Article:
Oct, 27, 2015
By Lauren Gutierrez
The documentary film, Exit Through the Gift Shop, provides a sneak peek into the underground world of street art and the story of a man who hung around its fringes long enough to figure out how he could cut himself a slice of the pie. We are introduced to Thierry Guetta at the beginning of the film as an eccentric, family man, obsessed with filming his daily life which we later learn stems from childhood when his mother passed away. I believe he became enamored with the excitement, illegality and innately risky activity that is painting the streets and adorning it with your own self expression. Because the street artists believed him to be a filmmaker, he got to tag along with them under false pretences, earned the trust of some and drew skepticism from others.
The artists that he admired most in the film are Banksy and Shepard Fairey who have both respectively earned their stripes and the recognition that they now have. Fairey is a well educated student of fine arts who gained awareness through the skateboarding scene with his Obey Giant stickers and posters. He was catapulted to fame with the Hope posters he created for the 2008 Obama campaign and has sold his pieces in exhibitions around the world and even in museums.
Street Scene Hong Kong (CC BY 2.0) March 12, 2013
The anonymous street artist, Banksy, is popular for his use of stencils to quickly embellish his artwork onto walls and uses this platform as a way to express his political ideologies. He has produced many well known art exhibitions around the world and pushes boundaries like hanging his own artwork in the Metropolitan Museum of Art and painting a mural onto the West Bank concrete wall in Israel. These artists did not emerge overnight, rather they took years to cultivate their craft.
Banksy – artwork, no date/location
Although Guetta’s unveiling as a filmmaker was a flop after he put together a nightmarish montage of the footage he had been collecting, the street artists he ran with still encouraged him to become an artist in his own right. I think he came off as disingenuous because he didn’t take time to refine his craft and set himself apart; Instead he borrowed major concepts from other artists like Andy Warhol and rendered them meaningless. He was attempting to appropriate art but lacked a new meaning behind his recontextualization nor did he have a well defined critical commentary on the original source.
In this portion of the film I think we see distinct differences in approaches between artists. Guetta a.k.a. Mr. Brainwash (MBW) put together an expensive studio exhibition with all the bells and whistles; It included media coverage, public endorsements and gimmicks like giving original prints to the first 200 in attendance. This is in contrast to Banksy’s first art exhibition which he organized with the help of a bunch of other street artists and held in a tunnel next to a pub. Banksy has also sold his artwork for a lot of money but he’s socially aware, which he illustrates in this quote, “I think it was easier when I was the underdog, and I had a lot of practise at it. The money that my work fetches these days makes me a bit uncomfortable, but that’s an easy problem to solve—you just stop whingeing and give it all away. I don’t think it’s possible to make art about world poverty and then trouser all the cash, that’s an irony too far, even for me”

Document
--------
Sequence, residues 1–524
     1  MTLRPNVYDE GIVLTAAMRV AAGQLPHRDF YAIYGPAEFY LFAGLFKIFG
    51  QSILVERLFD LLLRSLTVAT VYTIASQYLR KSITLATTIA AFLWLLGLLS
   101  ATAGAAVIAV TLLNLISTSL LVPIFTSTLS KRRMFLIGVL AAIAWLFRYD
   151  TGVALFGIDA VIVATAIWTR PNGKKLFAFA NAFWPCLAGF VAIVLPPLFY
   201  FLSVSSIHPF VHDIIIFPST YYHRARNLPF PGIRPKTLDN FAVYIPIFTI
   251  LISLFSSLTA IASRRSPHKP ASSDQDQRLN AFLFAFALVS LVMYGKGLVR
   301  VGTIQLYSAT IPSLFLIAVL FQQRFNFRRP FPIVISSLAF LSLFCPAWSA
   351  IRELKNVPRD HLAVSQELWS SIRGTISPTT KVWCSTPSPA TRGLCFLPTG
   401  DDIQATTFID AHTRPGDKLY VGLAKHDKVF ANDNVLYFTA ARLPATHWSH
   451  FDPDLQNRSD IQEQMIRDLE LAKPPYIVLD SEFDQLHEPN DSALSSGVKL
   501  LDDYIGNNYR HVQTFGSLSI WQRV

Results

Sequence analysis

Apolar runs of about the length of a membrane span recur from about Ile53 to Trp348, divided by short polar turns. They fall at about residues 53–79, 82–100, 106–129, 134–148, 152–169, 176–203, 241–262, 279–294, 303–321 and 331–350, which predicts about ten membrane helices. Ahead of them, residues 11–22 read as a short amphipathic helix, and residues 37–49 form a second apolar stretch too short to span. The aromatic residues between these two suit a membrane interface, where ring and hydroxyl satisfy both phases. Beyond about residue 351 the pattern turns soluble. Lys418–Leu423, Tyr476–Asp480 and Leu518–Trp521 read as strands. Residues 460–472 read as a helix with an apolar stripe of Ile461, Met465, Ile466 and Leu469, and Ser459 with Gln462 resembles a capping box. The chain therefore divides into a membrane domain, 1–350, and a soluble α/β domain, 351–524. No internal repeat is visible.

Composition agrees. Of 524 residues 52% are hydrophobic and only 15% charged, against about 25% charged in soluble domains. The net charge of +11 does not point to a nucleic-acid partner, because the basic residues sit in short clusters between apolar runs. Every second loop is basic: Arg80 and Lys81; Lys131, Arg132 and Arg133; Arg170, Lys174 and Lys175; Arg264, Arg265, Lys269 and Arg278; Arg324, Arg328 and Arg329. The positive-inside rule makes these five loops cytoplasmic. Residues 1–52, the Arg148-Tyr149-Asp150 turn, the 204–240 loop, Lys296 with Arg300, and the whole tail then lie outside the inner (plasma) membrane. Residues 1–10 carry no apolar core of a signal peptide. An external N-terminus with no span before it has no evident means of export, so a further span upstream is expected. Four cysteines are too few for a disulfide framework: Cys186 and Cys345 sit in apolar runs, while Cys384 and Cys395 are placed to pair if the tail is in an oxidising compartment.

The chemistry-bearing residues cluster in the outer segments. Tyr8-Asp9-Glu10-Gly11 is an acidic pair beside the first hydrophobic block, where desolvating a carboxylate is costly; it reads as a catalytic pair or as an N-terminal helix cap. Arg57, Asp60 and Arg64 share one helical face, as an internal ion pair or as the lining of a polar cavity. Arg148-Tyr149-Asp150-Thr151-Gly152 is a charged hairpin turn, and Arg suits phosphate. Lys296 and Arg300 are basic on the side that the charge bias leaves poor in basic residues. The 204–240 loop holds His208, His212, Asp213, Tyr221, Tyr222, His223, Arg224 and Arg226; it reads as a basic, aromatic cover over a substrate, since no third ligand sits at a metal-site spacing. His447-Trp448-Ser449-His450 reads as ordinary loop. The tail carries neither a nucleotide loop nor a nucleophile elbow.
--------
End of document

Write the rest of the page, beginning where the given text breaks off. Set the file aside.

There is an analysis to be made about today’s contemporary art industry which is not necessarily intended for the high brow but for the streets and is not driven by profit but by principle. In Fairey’s words, “There has always been a disconnect with the sort of elitist structure of the high-art world – and my distaste is at odds with my feeling that art should aspire to do great things.” Mr. Brainwash knew this but also knew if he could mass produce his work (i.e. producing hundreds of prints practically overnight) and garnish enough media attention that he could make a lot of money.
You could draw the analogy between what MBW did and what a record label does when they swoop in to mimic the style of an underground indie artist making great, original music. It’s then picked up by a Top 40 station (the media) and the public is duped into buying the cheaper, watered down version of the original because capitalism favors mass production and hype.
In the end all three of these artists belong to the same contemporary art industry; The difference is in motivations, that is, their driving force. Mr. Brainwash knows how to make art that sells, he doesn’t seem too interested in the meaning because he’s driven by profit. As opposed to Banksy and Fairey who know how to make art that has an impact, inspires change and action.
Mr. Brainwash. Elvis Presley (Pink), 2009
Then again, who’s to say what is or isn’t art? Mark Rothko painted blocks of colors with no explicit meaning except whatever one you placed up on it. Marcel Duchamp submitted the “Fountain” to the Society of Independent Artists exhibit and it was considered art when in reality it was just a porcelain urinal. I guess I conclude that MBW’s print of Elvis Presley holding a Fisher Price toy gun is also art and the meaning simply rests upon the viewing audience because contemporary art is an ever evolving abstraction of human expression in its present time, there is no apparent right or wrong way to do it.
- Collins, Lauren. “Banksy Was Here: The Invisible Man of Graffiti Art.” The New Yorker. 14 May 2007. Web. 27 Oct. 2015.
- Ellsworth-Jones, Will. “The Story Behind Banksy: On His Way to Becoming an International Icon, the Subversive and Secretive Street Artist Turned the Art World Upside-down.” Smithsonian Magazine. 1 Feb. 2013. Web. 27 Oct. 2015.
- Pop, Iggy. “Shepard Fairey.” Interview Magazine. 4 May 2010. Web. 27 Oct. 2015.
- “Street Art Bio | Street Artists Biographies.” Street Art Bio | Street Artists Biographies. n.d. Web. 27 Oct. 2015.